When I was little, I used to stop on the landing and stare at the half-height door that was faintly visible underneath the wallpaper. The frame had been stripped away and the doorknob removed, and I was forbidden from asking about it.
My older brother would tell me scary stories about the door, while he held a flashlight to his face and we crouched beneath the blankets late at night. He enlisted before I was old enough to know what that meant, went away. I stopped pausing on the landing, slowly stopped wondering, and eventually stopped seeing the shape of it at all.
But on the night before my fourteenth birthday, I woke to a cold sweat, a nightmare that felt so vivid and real in my mind, and I remembered the door and the stories.
I could hear the television roaring downstairs, canned laughter seeping into my bedroom, Nanny in the family room, keeping watch.
I crept to the railing overlooking the front hall, shaking too hard to bear passing by that door... "Sarah? Sarah?" I called, until she muted the tv and came to look up at me. She took in my pale face and clenched arms around my stuffed frog in the the ceiling light, and she raced up the stairs.
"Eilie, Eilie, are you alright?"
I shook my head.
"Was it a bad dream?"
She knelt in front of me. "Do you want to come downstairs and sit with me for a while?"
I started shaking again with the thought of passing by the door, and she wrapped her arms around me.
"Okay, not downstairs. Come here," Sarah wrapped her arm around the shoulder and led me back into my bedroom, turning on the lamp by the door. It cast comforting shadows around my room. "Why don't you tell me about it?" She closed my bedroom door behind us.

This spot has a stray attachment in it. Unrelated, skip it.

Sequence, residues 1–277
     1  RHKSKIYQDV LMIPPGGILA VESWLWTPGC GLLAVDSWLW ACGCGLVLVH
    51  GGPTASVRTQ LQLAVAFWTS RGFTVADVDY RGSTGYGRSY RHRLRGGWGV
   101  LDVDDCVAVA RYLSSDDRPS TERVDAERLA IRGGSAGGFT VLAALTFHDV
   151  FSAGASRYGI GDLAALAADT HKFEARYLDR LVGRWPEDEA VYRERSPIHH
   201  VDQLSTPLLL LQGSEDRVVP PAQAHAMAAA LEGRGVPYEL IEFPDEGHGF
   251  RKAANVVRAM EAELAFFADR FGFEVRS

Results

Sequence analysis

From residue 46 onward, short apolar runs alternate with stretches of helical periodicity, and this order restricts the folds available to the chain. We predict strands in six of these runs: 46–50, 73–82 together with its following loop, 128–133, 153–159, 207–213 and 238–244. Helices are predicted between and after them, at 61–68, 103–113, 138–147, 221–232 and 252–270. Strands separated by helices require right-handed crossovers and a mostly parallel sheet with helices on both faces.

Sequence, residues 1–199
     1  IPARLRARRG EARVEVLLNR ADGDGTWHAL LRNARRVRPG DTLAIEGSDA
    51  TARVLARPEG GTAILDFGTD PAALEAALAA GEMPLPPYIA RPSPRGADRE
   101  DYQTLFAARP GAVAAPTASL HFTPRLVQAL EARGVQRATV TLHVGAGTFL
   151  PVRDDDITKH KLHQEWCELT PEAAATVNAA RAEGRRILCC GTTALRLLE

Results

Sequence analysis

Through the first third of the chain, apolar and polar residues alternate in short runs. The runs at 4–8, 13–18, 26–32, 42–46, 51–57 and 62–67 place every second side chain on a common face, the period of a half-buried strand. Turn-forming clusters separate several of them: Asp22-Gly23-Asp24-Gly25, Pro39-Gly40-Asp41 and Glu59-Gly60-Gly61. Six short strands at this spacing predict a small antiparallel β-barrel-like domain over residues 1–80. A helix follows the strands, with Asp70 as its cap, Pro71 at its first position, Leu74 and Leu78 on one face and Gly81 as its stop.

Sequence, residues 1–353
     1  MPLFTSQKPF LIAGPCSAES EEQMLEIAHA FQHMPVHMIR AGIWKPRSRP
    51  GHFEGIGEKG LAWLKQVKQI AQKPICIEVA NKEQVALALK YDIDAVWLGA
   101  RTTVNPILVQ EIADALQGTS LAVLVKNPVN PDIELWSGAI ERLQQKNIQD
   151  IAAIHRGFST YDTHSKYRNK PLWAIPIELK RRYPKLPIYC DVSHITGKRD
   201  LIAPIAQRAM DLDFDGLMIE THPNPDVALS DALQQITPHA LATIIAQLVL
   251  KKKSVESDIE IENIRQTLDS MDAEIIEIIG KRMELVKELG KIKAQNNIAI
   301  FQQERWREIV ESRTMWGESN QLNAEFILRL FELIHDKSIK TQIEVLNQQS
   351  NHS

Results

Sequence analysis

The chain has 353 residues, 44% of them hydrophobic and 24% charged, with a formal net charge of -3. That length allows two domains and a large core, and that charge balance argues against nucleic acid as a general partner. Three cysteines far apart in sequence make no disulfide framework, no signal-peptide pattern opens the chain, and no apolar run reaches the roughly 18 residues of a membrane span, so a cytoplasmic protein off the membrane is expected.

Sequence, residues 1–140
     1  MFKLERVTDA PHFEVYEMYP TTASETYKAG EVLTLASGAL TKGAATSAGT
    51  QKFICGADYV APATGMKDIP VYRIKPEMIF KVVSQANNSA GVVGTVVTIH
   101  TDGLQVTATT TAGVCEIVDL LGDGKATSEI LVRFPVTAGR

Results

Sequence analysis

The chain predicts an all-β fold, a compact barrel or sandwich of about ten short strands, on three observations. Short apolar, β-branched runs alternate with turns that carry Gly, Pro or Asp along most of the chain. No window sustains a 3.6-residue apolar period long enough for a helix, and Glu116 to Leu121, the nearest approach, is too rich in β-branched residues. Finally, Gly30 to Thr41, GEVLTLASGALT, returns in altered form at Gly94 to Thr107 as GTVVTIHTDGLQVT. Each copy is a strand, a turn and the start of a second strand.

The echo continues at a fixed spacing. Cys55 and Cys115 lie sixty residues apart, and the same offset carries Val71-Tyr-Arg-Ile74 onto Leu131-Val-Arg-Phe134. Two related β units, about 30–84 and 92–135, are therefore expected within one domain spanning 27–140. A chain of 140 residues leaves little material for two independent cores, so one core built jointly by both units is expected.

"T-the door. On the l-landing."
"Door? What door?"
I buried my face in the frog, wiping tears on its soft, squishy head. "Sean used to... he used to tell me stories, at night, in the dark. When he left, I- I started to forget, stopped seeing it. B-but now it w-won't g-go away."
"Oh, Eilie." She held me close and started rocking me back and forth until I felt the sobbing subside. "Your brother is doing good work. You'll see him again. Do you want to show me the door?"
I shook my head.
"Do you want me to go check the landing?"
I shook my head harder.
"Eilie, what has gotten into you? I've never seen you like this before. Why don't we turn on all the lights, and you can stand at the top of the stairs like you did just a few minutes ago, and I'll go check on the landing. That way, you're not alone, you can see me the whole time, and I can make sure everything is alright."
I stopped shaking my head. "You don't think I'm being silly?"
"Not at all. Maybe it's time I told you how I handled my bad dreams. I'll even let you borrow one of my books about it."
Sarah was very careful about who touched her books, and I gazed up at her in wonder, my face still streaked, but distracted. "Okay."
"Okay." She let go of me. "I'm not going far, just going to turn on the hall light, and then I'll be right back."
Sarah stood up, pulled open my bedroom door, and reached around the wall to the lightswitch. The darkness in the hallway scurried away, and she came back to me. "Are you ready?"
I shook my head, but stood anyway, and she accompanied me back to the railing.
"It will be okay. I'll be right here, I'll come right back, okay?"
I sniffled and nodded.
She walked slowly down to the landing, and then looked back at me. I pointed at one of the walls, and she peered at it. "Wha- what? There is a door here. Or there used to be. I don't know why I never saw it before." She glanced up at me. "Oh sweetie." She raced back up the stairs and took me back into my room.
Sarah shut the door behind us and led me to my bed. "I'll stay with you tonight, okay? I'm not going anywhere. And tomorrow, I'll talk with your Mom and Dad, okay?" She threw back the covers and laid down.
I curled up against her, and didn't fall asleep for a long time.